Massacre of Elphinstone's Army

Massacre of Elphinstone's Army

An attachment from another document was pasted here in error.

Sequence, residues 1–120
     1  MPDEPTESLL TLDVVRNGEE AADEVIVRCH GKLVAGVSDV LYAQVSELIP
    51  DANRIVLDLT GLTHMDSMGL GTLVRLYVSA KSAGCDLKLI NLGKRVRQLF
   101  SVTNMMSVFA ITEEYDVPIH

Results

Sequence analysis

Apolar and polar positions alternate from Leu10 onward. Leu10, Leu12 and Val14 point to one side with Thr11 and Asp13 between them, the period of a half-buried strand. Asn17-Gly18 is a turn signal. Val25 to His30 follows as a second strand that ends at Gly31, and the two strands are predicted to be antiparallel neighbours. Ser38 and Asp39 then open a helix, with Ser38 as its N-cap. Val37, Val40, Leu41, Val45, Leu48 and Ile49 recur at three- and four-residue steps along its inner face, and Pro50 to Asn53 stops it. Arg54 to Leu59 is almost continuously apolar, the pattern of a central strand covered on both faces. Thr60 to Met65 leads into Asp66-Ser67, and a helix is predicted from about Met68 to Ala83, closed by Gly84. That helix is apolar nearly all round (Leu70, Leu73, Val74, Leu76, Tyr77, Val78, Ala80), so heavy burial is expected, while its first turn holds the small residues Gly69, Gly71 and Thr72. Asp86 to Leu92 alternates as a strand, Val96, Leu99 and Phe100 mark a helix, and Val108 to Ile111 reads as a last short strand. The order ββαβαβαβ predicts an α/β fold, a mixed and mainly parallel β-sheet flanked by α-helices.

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{{more footnotes|date=January 2011}} {{Campaignbox First Anglo-Afghan War}} The '''Massacre of Elphinstone's Army''' was the destruction by [[Afghanistan|Afghan]] forces, led by [[Akbar Khan (Afghanistan)|Akbar Khan]], the son of [[Dost Mohammad Khan]], of a combined [[United Kingdom of Great Britain and Ireland|British]] and Indian force of the [[British East India Company]], led by Major General [[William George Keith Elphinstone|William Elphinstone]], in January 1842. After the British and Indian troops captured [[Kabul]] in 1839, an [[Demography of Afghanistan|Afghan]] uprising forced the occupying garrison out of the city. The East India Company army of 4,500 troops, along with 12,000 working personnel or [[camp-follower]]s, left Kabul on 6 January 1842. They attempted to reach the British [[garrison]] at [[Jalalabad]], {{convert|90|mi|km}} away, but were immediately harassed by Afghan forces. The last organised remnants were eventually annihilated near [[Gandamak]] on 13 January. Apart from about a dozen high-ranking prisoners, including Elphinstone and his second-in-Command Brigadier Shelton, only one British officer from the army, Assistant Surgeon [[William Brydon]], survived the retreat and reached Jalalabad. ==The British campaign== {{Main|First Anglo-Afghan War}} In 1838 the [[British East India Company]] feared an increased [[Russia]]n [[European influence in Afghanistan|influence in Afghanistan]] after [[Dost Mohammad Khan]] had seized power from former ruler [[Shuja Shah Durrani]] in 1834. Dost Mohammad had rejected earlier overtures from Russia, but after [[George Eden, 1st Earl of Auckland|Lord Auckland]], the [[Governor-General of India]], tried to force Afghan foreign policy under British guidance, he renewed his relationship with the Russians. Lord Auckland followed the advice of State Secretary [[William Hay Macnaghten]] to support Shuja Shah, dismissing the advice of [[Alexander Burnes]] that Dost Mohammad should be supported, and resolved to seek a military solution. He began to assemble his forces in late 1838. The army, under the command of General Sir [[Willoughby Cotton]] with Macnaghten as his chief adviser, consisted of 20,000 soldiers and were accompanied by 38,000 civilian camp followers (craftsmen, stretcher bearers, cooks, servants, barbers, tailors, armourers, cameleers, etc. plus the families of both Indian and British soldiers). In March 1839 they crossed the [[Bolan Pass]] and began their march to [[Kabul]]. They advanced through rough terrain, crossing deserts and mountain passes at a height of {{convert|4000|m|ft}} but made good progress and took [[Kandahar]] on 25 April. They also captured the until-then impregnable fortress of [[Battle of Ghazni|Ghazni]] on 22 July in a surprise attack, suffering 200 men killed and wounded while the Afghans lost nearly 500 men and 1,600 were taken prisoner with an unknown number wounded. An Afghan had betrayed his sovereign and the British troops managed to blow one city gate and marched into the city in a euphoric mood. The fact that Ghazni was well supplied eased the further advance considerably, if not made it possible at all. Dost Mohammed fled and sought refuge in the wilds of the [[Hindu Kush]]. Shuja Shah was proclaimed emir and Kabul fell on 6 August 1839, without a fight. Dost Mohammed surrendered to Macnaghten on 4 November 1840, and was exiled to India. ==British occupation== Kabul at that time was a clean, pleasant city with spacious wooden houses surrounded by gardens. Macnaghten was established as political agent. He soon sent most of his troops back to their garrisons in India and quickly established a [[Victorian era]] lifestyle. The occupying forces enjoyed themselves arranging cricket matches, horse races and hunting parties. In the evenings amateur dramatics were staged, where officers and their wives performed [[William Shakespeare]]'s play ''[[A Midsummer Night's Dream]]''. It was considered a special honour to be invited to Lady [[Florentia Sale]]'s evening companies, at which salmon and stew with [[madeira wine]], [[port wine]] and [[champagne (wine)|champagne]] was served. The Afghan people chafed under the British occupation and were not willing to be colonised. Britain had replaced a (relatively) popular ruler with a weak puppet who was seen as much more cruel and vindictive to his enemies than Dost Mohammed. [[Akbar Khan (Afghanistan)|Akbar Khan]], the son of Dost, assembled new followers amongst the tribesmen in the rural areas, where British influence was slight. He soon started a guerrilla war, which kept the British forces permanently on the move. The British government back in India soon became frustrated with the costs of maintaining the large garrison in Kabul, and eliminated the subsidies, actually bribes, they had been paying to the various tribes in the area around Kabul and the Khyber Pass to keep the peace. Once the subsidies ended, there was no more reason to remain under the thumb of the British invaders. Macnaghten dismissed all warnings from his officers and instead wrote to his superiors that, ''"this is the usual state of Afghan society"''. The British freedom of movement was more and more restricted during spring and summer 1841. Despite this, Sir Willoughby Cotton was replaced as commander of the remaining troops by the aging and infirm [[William George Keith Elphinstone|William Elphinstone]]. Brigadier [[Robert Henry Sale]], the husband of Lady Sale, was called to Jalalabad, on the line of communication between Kabul and [[Peshawar]] with his brigade in the autumn of 1841, but left his wife behind. ==General Elphinstone== [[Image:General William Elphinstone.JPG|200px|thumb|General William Elphinstone]] {{Main|William George Keith Elphinstone}} William Elphinstone was born in 1782 and entered the British army in 1804. He commanded the [[Duke of Wellington's Regiment|33rd Regiment of Foot]] at the [[Battle of Waterloo]] and was made a [[Companion of the Bath]] for his action in that battle. He was promoted to colonel in 1825 and to major-general in 1837. He was a man of high birth and perfect manners but is also regarded as "the most incompetent soldier who ever became general" in words of his colleague and contemporary general [[William Nott]]. Elphinstone himself was ill, and initially was unwilling to accept the appointment. ==Afghan uprising== On 2 November 1841, Akbar Khan proclaimed a general revolt and the citizens of Kabul followed suit. Elphinstone and Macnaghten were caught by surprise. The East India Company troops in and around Kabul numbered only 4,500 men, of which 690 were Europeans. The Afghans stormed the house of Sir [[Alexander Burnes]], one of the senior British political officers, and murdered him and his staff. Elphinstone took no action in response to the incident, which encouraged further revolt. The British situation soon deteriorated when Afghans stormed the poorly defended supply fort inside Kabul on 9 November. The British forces had refrained from occupying the citadel and instead occupied cantonments {{convert|1.5|mi|km}} outside Kabul, a badly chosen place. On 23 November, Afghans occupied a hill overlooking the British camp and began bombarding the camp with two guns. A British force sallied out to drive them away, but the Afghans inflicted heavy casualties firing [[jezail]]s at long range, and the British force fled, leaving 300 wounded to be killed. It was evident that morale was low in the British force. Elphinstone called for reinforcements from Major General Nott in Kandahar, but they found the passes blocked by snow and turned back. Macnaghten realised their desperate situation and tried to negotiate a free retreat for the troops and the 12,000 British and Indian civilians still at Kabul. The Afghan diplomats invited Macnaghten for tea on 23 December, but at the moment the British delegation dismounted from their horses, they were seized and slain by Akbar Khan. Macnaghten's body was dragged through the streets of Kabul. The guard which was supposed to protect him had not shown up. Elphinstone had already partly lost command of his troops and his authority was badly damaged. To the utter horror of all his officers Elphinstone again ignored the murder and instead signed a capitulation on 1 January 1842, which had some unfavourable conditions. For example, his troops had to hand over their gunpowder reserves, their newest muskets and most of their cannon. However, they were promised a safe retreat, and the troops and civilians, amongst them children, women and the elderly, began to move out on 6 January. They planned to retire to Jalalabad, {{convert|90|mi|km}} away, through snowy mountains. At the start of the retreat, Elphinstone's army consisted of one British infantry battalion (the [[44th (East Essex) Regiment of Foot|44th Regiment of Foot]]), three regiments of regular [[Bengal Native Infantry]] (the 5th, 37th and 54th BNI), one regiment of Shah Shujah's Levy (a British-subsidised force of Indian troops recruited for Afghan service), Anderson's Irregular Horse, the 5th Bengal Light Cavalry and six guns of the [[Bengal Horse Artillery]], with some [[sapper]]s. In total, there were 700 British and 3,800 Indian troops. The camp followers, including Indian and British families, numbered approximately 12,000. ==The massacre== [[Image:Remnants of an army2.jpg|thumb|300px|''Remnants of an Army'' by [[Elizabeth Butler]] depicting [[William Brydon]].]] The sick and wounded people were left behind, as Akbar Khan had guaranteed their safety, but when the last of Elphinstone's soldiers had left the cantonments, their tents were set on fire and all were [[massacre]]d. The first dangerous passage Elphinstone's troops had to face was the [[Khord-Kabul pass]], {{convert|15|mi|km}} from Kabul. Instead of hurrying and securing the pass, Elphinstone ordered a rest after covering just {{convert|6|mi|km}}. Any effort to maintain military organisation on the retreat failed. It was so slow that it was two o'clock in the morning before the last reached the resting place. This gave the Afghans the opportunity to seize the pass themselves. When the British laboured up the narrow pass the next day, they were shot at from all sides by [[Ghilzai]]s armed with the captured British muskets and their traditional jezails. By the evening of 9 January, around 3,000 of Elphinstone's column had died due to enemy action, the freezing weather, or even suicide. The column had moved only {{convert|10|mi|km}}. A few hundred soldiers deserted and tried to return to Kabul, but none were spared by the Afghans. Elphinstone had ceased giving any orders and sat silently on his horse. On the evening of 11 January, Lady Sale and other officers' wives gave themselves up and accepted being taken hostage by Akbar Khan, whom they mistrusted deeply. All the Indian servants and wives of [[sepoy]]s were massacred, as they promised no ransom. On the same day Akbar Khan persuaded Elphinstone and his second in command, Brigadier Shelton, to also become hostages. It was a uniquely degrading act in British military history, that senior officers surrendered to save their lives, while their soldiers had to struggle on and face almost certain death. Elphinstone died on 23 April as a captive. On 12 January the remaining troops, now led by Brigadier [[Thomas John Anquetil]], reached the Jugdulluk crest, only to find it blocked by tribesmen. A desperate attack was mounted but only a few soldiers, mostly of the 44th Regiment of Foot, overcame the obstruction. All others were left for dead. The remnants dragged on and made a last stand near the village of [[Battle of Gandamak|Gandamack]] on 13 January. The force was down to fewer than forty men and almost out of food and ammunition. They were surrounded on a hillock and when a surrender was offered by the Afghans, one British [[sergeant]] gave the famous answer "Not bloody likely!" All were killed except Captain James Souter, Sergeant Fair and seven soldiers who were taken prisoner. Only one British officer from the army managed to reach Jalalabad, although a few sepoys were also reported to have subsequently done so. On 13 January, Assistant Surgeon [[William Brydon]] rode through the gate on his exhausted horse. Part of his skull was sheared off by a sword. An Afghan shepherd had granted him refuge and, when the shooting was over, put him on his horse. It is said that he was asked upon arrival what happened to the army, and answered "I am the army." Brydon later published a memoir of the death march. ==Aftermath== The annihilation of about 16,500 people left Britain and India in shock and the Governor General, Lord Auckland, suffered a [[stroke]] upon hearing the news. In the Autumn of 1842 an "Army of Retribution" led by Sir [[George Pollock]], with William Nott and Robert Sale commanding divisions, levelled Kabul. Sale personally rescued his wife Lady Sale and some other hostages from the hands of Akbar Khan. However, the slaughter of an army by Afghan tribesman was humiliating for the British authorities in India. The leadership of Elphinstone is seen as a notorious example of how the ineptitude and indecisiveness of a senior officer could compromise the morale and effectiveness of a whole army (though already much depleted). Elphinstone completely failed to lead his soldiers, but fatally exerted enough authority to prevent any of his officers from exercising proper command in his place. Historians still debate whether Akbar Khan ordered the massacre, sanctioned it, or was unable to prevent it. Some of the British officers and families taken hostage were later to claim that Akbar Khan had called out "Spare them!" in [[Farsi|Persian]], but "Kill them!" in [[Pushtu]] to the tribesmen. Either way, the British reaction to such an atrocity must have been clear to him. He died near the end of 1847, possibly poisoned by his father Dost Mohammad, who may have feared his ambitions. Dost Mohammed remained a British prisoner till the end of 1841 when he was set free by the British authorities who, after they took their revenge on Kabul, had resolved to abandon any attempts to intervene in the internal affairs of Afghanistan. After Shuja Shah was assassinated in April 1842, Dost Mohammed quickly reestablished his authority. He died on 9 June 1863 of natural causes, one of the few Afghan rulers in the past thousand years to do so. Interestingly, even after the two British invasions of his country, he did not intervene in any manner during the 1857 Indian Mutiny. German poet [[Theodor Fontane]] learned of the massacre during his visit to England in 1844. The events occupied him his whole life and 54 years later, just before his death, he wrote a striking ballade about the disaster. ==External links== *[http://www.britishbattles.com/first-afghan-war/kabul-gandamak.htm Account of the British campaign and the massacre] *[http://www.mainlesson.com/display.php?author=morris&book=english&story=massacre Account of the death march on ''The Baldwin Project''] *[http://meister.igl.uni-freiburg.de/gedichte/fon_t12.html Theodor Fontane, ''Das Trauerspiel von Afghanistan'', German original] *[http://www.jmhare.com/CentralAsia/history1.htm A Brief History of the First Afghan War] {{coord missing|Afghanistan}}